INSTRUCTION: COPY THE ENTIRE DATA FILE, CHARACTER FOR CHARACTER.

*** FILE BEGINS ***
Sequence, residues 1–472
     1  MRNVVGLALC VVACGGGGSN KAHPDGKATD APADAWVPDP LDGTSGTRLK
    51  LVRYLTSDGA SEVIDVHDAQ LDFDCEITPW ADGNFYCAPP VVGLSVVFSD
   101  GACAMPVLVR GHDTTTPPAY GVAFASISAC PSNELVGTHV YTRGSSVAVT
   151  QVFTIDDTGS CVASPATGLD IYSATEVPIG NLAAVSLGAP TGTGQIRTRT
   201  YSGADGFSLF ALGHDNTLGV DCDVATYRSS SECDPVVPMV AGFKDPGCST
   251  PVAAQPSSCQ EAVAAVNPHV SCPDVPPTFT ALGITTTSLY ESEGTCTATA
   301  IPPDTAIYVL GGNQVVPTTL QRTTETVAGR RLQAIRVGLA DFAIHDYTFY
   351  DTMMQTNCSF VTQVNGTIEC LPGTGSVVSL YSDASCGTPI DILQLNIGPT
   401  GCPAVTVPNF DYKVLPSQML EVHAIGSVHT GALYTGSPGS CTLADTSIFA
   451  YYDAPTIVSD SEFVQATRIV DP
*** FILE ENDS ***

Sequence, residues 1–472
     1  MRNVVGLALC VVACGGGGSN KAHPDGKATD APADAWVPDP LDGTSGTRLK
    51  LVRYLTSDGA SEVIDVHDAQ LDFDCEITPW ADGNFYCAPP VVGLSVVFSD
   101  GACAMPVLVR GHDTTTPPAY GVAFASISAC PSNELVGTHV YTRGSSVAVT
   151  QVFTIDDTGS CVASPATGLD IYSATEVPIG NLAAVSLGAP TGTGQIRTRT
   201  YSGADGFSLF ALGHDNTLGV DCDVATYRSS SECDPVVPMV AGFKDPGCST
   251  PVAAQPSSCQ EAVAAVNPHV SCPDVPPTFT ALGITTTSLY ESEGTCTATA
   301  IPPDTAIYVL GGNQVVPTTL QRTTETVAGR RLQAIRVGLA DFAIHDYTFY
   351  DTMMQTNCSF VTQVNGTIEC LPGTGSVVSL YSDASCGTPI DILQLNIGPT
   401  GCPAVTVPNF DYKVLPSQML EVHAIGSVHT GALYTGSPGS CTLADTSIFA
   451  YYDAPTIVSD SEFVQATRIV DP